Protesting miners stop South African president’s speech

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RUSTENBURG, South Africa — South African President Cyril Ramaphosa abandoned his Workers’ Day speech in the northwestern town of Rustenburg on Sunday when striking miners stormed the stage.

Workers employed by the Sibanye-Stillwater mine are demanding a pay rise of 1,000 rand ($63) per month instead of the 850 rand ($54) offered by the mine.

Ramaphosa had decided to mark Workers’ Day, a public holiday in South Africa to mark May Day, by delivering a speech to union members in Rustenburg, a mining centre.

Ramaphosa was booed as he began his speech by calling on the strikers and other members of the South African Trades Union Congress to calm down and listen to what he had to say.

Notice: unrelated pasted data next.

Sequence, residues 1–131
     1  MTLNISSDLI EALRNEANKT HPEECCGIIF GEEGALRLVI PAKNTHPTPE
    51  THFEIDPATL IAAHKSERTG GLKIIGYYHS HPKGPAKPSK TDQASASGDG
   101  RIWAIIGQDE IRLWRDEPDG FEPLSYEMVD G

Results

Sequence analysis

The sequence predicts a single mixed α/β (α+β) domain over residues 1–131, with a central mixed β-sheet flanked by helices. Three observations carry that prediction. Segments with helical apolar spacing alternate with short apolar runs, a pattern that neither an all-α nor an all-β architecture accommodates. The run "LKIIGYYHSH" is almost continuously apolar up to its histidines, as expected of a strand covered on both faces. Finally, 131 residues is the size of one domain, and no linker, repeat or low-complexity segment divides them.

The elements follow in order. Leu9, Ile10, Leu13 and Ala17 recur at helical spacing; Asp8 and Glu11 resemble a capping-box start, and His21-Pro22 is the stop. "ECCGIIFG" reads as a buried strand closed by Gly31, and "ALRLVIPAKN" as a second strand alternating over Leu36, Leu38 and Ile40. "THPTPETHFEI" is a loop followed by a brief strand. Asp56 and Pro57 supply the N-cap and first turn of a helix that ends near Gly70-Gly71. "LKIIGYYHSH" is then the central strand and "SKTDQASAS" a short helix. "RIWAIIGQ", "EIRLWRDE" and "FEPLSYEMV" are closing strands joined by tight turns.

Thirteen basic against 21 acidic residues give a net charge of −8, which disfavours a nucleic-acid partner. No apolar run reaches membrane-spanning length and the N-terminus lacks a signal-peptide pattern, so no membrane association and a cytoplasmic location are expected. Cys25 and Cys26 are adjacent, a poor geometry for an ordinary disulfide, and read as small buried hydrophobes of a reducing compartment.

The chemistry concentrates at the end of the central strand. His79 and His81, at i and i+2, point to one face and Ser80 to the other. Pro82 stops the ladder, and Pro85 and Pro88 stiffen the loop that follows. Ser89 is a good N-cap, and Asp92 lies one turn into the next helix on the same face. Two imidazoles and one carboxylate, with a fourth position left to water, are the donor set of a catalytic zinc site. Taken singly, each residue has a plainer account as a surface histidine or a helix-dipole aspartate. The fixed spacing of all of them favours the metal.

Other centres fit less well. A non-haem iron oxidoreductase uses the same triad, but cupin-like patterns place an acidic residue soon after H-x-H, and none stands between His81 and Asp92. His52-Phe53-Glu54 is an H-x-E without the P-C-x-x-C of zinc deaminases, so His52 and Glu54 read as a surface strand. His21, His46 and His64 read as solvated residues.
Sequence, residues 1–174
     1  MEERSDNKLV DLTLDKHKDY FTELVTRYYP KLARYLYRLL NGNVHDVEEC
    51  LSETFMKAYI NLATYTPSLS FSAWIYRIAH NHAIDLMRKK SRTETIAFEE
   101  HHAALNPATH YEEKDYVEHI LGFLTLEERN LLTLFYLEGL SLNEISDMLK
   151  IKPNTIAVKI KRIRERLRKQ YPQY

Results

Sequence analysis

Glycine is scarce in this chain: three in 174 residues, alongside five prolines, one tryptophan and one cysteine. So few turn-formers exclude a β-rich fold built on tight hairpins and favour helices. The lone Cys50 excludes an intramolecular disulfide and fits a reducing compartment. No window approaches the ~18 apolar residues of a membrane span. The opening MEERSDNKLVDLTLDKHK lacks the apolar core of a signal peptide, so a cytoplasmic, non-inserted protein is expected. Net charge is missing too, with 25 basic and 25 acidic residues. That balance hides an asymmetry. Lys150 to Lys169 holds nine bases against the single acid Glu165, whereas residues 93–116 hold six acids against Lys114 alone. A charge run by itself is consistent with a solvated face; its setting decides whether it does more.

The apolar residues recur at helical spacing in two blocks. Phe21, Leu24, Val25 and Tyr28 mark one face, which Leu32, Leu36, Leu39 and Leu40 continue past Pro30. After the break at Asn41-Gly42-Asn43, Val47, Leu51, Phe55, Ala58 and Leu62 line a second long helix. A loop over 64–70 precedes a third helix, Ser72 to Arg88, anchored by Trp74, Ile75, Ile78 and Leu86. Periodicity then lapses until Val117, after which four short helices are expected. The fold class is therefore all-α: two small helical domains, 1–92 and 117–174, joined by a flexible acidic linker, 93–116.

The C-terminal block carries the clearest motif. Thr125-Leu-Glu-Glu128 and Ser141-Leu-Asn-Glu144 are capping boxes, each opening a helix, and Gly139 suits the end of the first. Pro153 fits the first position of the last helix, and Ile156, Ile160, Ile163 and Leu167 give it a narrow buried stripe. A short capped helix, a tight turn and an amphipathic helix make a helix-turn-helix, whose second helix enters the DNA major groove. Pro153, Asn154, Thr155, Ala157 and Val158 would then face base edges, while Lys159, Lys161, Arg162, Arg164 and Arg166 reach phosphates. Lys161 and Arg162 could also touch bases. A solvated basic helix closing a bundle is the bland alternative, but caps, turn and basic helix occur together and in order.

“We heard you want your 1,000 rand. We will deal with this issue,” Ramaphosa told the protesting workers.

Shortly after, Ramaphosa was forced to give up his speech altogether when angry miners stormed the pitch and overwhelmed the police surrounding the stage at the Royal Bafokeng Stadium. Ramaphosa security guards took him away from the place.

Strikers have become even more angry in recent days following reports that Sibanye-Stillwater CEO Neal Froneman has earned more than 300 million rand ($19 million) in 2021 in salary payments and in company shares.

Rustenburg in the North West Province is a tumultuous region for Ramaphosa and South Africa’s ruling African National Congress party. Many union members continue to blame them for the Marikana massacre, where 34 miners were shot dead by police during a strike at the Lonmin mine in 2012, when Ramaphosa was non-executive director of Lonmin.

Sunday’s tumultuous scene indicates the challenges Ramaphosa will face later this year in his bid to be re-elected as leader of the ANC, as the unions are a key constituency in the party.

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